Monday, January 8, 2018

Doctor X: Colorful and Funky as Ever

The "Moon Killer."
A recent viewing of Doctor X reconfirmed that this 1932 horror classic has lost none of its quirkiness. Indeed, with a moonlight killer, a medical academy perched atop a cliff, and "synthetic flesh", it remains a unique viewing experience. And, as if that weren't enough, it's historically significant as one of the first talking pictures filmed in color.

Lionel Atwill stars as the title character, Dr. Jerry Xavier, the head of the aforementioned academy. It has attracted unwanted attention due to a string of murders in the vicinity. The killings take place only on nights when the moon is full. The victims, who die by strangulation, all have a small surgical incision at the bottom of their brains.

Lionel Atwill as Dr. Xavier.
While the police--as well as a fast-talking reporter-- investigate, Dr. Xavier conducts an experiment to rule out members of his staff. That's a good idea because they're a suspicious group whose fields of study include cannibalism and the effects of moonlight. The experiment goes horribly wrong during a blackout and one of the scientists is murdered with a scalpel. The good news, though, is that Dr. Xavier now knows that someone from the academy is the "Moon Killer."

Curtiz's use of silhouettes.
Michael Curtiz directed Doctor X three years before Captain Blood (1935) would establish him as one of Hollywood's top directors. Curtiz, who was impressed by German Impressionism early in his career, imbues Doctor X with extreme lighting, silhouettes, and disturbing camera angles. He shot the film in two-strip Technicolor (not the later, more vibrant three-strip process). The print I watched, which was restored by the UCLA Film Archive, looked like a combination of sepia and an eerie dark green. While it was muted color by later standards, it gives the film an effective semi-noir appearance.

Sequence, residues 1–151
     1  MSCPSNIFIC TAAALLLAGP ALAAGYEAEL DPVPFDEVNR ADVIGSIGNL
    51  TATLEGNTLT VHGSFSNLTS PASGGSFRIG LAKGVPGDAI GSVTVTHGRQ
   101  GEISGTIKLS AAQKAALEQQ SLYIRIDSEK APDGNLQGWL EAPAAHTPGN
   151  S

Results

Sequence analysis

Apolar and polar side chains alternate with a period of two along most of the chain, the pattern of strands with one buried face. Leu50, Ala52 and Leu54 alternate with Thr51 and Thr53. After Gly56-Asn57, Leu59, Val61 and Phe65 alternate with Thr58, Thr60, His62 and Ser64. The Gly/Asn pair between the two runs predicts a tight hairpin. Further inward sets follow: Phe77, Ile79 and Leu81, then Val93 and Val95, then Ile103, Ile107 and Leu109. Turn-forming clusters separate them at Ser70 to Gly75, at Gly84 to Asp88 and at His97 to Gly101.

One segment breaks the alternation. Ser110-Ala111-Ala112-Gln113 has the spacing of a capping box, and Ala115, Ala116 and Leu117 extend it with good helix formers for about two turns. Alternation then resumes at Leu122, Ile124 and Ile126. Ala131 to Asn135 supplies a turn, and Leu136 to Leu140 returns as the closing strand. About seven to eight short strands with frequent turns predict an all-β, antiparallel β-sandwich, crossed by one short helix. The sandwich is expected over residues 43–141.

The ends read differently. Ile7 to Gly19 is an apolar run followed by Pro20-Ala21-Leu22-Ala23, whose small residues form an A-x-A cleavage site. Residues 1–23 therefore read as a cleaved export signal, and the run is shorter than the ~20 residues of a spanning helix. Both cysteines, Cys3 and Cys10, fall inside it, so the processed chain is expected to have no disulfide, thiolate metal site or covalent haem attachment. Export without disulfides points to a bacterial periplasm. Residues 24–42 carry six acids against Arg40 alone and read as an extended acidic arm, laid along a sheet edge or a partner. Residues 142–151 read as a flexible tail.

Fay Wray as Joanne Xavier.
Based on a stage play called The Terror, Doctor X benefits from a trio of effective performances. Lionel Atwill, who evolved into one of Hollywood's best supporting actors, is wonderfully off-kilter as the enigmatic Xavier. As his on-screen daughter, Fay Wray has one of her best roles and, for once, is required to do more than look frightened. Then there's Lee Tracy, who memorably played the U.S. president in The Best Man (1964), one of my favorite political dramas. Tracy almost transforms the stereotypical wisecracking reporter into a believable character. That's no small feat.

Doctor X will never rank with Universal's best horror films of the 1930s (e.g., The Invisible Man). Still, it's certainly original and made with panache by a gifted filmmaker. It was a big moneymaker for Warner Bros. and led to another Technicolor horror film, Mystery of the Wax Museum, which reunited Curtiz, Atwill, and Wray. The later "B" picture The Return of Doctor X (1939) has nothing to do with Doctor X, but is notable for featuring star Humphrey Bogart and director Vincent Sherman before they went on to bigger things.

3 comments:

  1. I would rank this among the Universals. Ironically, Uni's was the most timid of horrors. Nothing in its output matched the "queasy factor" of Dr. X, Wax Museum, Freaks, Island of Lost Souls. Even MGM's Mark of The Vampire originally had an incest back story.

    Btw, not cuz of his later legal problems, but there was always something....unhealthy about Atwill. Any woman trapped alone with him in Wax Museum would welcome an all-over hot Brazilian wax.

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  2. I didn't realize this goose pimply thriller was based on a play. I wonder what that experience would be like. I would miss the 2-strip Technicolor.

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  3. It is always interesting to learn about Michael Curtiz and the influence of German Impressionism is especially evident in the third photo you posted.

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